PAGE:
In this section
Invasive alien plants are among the most important groups of invasive species aﬀecting both the socio-economic well-being of Paciﬁc people and the islands’ unique ecosystems. Invasive species make ecosystems and communities more vulnerable to natural disasters and the impacts of climate change.
The 22 Pacific Island Countries and Territories include some of the smallest and most isolated countries in the world. Invasive plants contribute to reductions in biological diversity and can have significant economic impacts.
The only feasible method for controlling widespread invasive weeds involves using their own natural enemies against them. This approach has been safely and successfully used worldwide for more than a century.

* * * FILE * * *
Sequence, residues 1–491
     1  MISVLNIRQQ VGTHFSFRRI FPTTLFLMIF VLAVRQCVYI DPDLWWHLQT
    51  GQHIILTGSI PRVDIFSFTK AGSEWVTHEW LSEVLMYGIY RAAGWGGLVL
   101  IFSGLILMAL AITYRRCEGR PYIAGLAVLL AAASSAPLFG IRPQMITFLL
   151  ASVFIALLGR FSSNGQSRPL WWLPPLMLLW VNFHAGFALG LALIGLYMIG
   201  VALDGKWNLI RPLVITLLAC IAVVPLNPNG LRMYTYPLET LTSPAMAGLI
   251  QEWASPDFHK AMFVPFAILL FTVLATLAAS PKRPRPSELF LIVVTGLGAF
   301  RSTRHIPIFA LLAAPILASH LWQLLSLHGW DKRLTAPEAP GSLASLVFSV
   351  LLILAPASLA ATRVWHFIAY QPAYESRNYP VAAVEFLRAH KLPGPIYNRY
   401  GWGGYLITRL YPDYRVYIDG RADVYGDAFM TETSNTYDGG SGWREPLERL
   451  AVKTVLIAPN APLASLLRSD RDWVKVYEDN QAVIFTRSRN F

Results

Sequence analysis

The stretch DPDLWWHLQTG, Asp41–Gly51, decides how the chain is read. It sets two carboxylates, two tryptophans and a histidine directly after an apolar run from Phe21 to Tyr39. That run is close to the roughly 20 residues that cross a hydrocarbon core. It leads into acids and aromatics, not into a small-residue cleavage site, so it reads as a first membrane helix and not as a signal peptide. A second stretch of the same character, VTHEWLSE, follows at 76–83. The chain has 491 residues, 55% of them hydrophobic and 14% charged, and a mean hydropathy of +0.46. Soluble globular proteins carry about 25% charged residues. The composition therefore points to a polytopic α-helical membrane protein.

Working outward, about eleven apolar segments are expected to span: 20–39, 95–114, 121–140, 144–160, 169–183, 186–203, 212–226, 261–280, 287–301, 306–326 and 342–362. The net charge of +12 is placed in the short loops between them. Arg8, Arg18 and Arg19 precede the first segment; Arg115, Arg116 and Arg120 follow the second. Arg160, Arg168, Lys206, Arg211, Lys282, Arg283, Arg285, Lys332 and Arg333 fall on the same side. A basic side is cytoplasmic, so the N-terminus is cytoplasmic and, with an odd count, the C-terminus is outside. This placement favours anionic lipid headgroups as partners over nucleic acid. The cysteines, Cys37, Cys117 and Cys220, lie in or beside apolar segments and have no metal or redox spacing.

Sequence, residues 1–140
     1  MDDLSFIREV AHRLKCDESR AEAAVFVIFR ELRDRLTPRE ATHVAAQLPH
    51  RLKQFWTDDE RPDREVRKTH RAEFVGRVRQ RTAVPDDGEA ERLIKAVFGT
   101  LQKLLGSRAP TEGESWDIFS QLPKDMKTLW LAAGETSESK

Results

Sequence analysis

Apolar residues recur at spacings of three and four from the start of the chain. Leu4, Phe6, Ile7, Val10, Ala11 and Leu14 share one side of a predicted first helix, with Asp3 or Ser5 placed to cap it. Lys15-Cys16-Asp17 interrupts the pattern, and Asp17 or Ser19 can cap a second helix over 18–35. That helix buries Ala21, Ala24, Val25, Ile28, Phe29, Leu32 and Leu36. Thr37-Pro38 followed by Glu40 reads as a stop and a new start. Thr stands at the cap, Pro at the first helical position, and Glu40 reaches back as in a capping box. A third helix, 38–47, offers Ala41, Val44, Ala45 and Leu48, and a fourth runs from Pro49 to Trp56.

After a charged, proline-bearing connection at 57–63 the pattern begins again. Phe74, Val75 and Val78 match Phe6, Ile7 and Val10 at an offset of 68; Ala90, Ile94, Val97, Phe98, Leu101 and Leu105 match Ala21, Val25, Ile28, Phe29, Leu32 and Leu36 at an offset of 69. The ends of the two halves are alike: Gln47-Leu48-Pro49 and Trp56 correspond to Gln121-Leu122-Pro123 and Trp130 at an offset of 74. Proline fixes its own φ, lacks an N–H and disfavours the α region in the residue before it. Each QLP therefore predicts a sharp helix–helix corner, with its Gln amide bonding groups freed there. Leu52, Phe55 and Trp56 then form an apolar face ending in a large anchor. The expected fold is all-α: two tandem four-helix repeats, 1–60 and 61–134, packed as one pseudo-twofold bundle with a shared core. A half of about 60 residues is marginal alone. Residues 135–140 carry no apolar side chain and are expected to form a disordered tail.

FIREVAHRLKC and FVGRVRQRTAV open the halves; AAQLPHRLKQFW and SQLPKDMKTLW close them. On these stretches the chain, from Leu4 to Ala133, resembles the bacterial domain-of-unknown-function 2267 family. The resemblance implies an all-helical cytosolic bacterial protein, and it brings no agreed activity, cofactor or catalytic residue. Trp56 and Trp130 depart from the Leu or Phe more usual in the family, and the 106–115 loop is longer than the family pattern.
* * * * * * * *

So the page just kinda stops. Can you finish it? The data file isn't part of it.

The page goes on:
In the Pacific example of weeds which have been successfully controlled through the use of natural enemies include broomweed (Sida spp.), giant sensitive plant (Mimosa diplotricha), grand balloon vine (Cardiospermum grandiflorum), lantana (Lantana camara), mile-a-minute (Mikania micrantha), water hyacinth (Pontaderia crassipes), water lettuce (Pistia stratiotes), and the African tulip tree (Spathodea campanulata)
Manaaki Whenua leads the Natural Enemies – Natural Solutions (NENS) programme of the SPREP led - Pacific Regional Invasive Species Management Support Service (PRISMSS). PRISMSS is supported funded via MISCCAP
Have a look at the Battler’s Lounge – regular web-based seminars highlighting various projects around the Pacific.
The Cook Islands, Fiji, Marshall Islands, Niue, Samoa, Tonga, Tuvalu, and Vanuatu are all involved in NENS currently.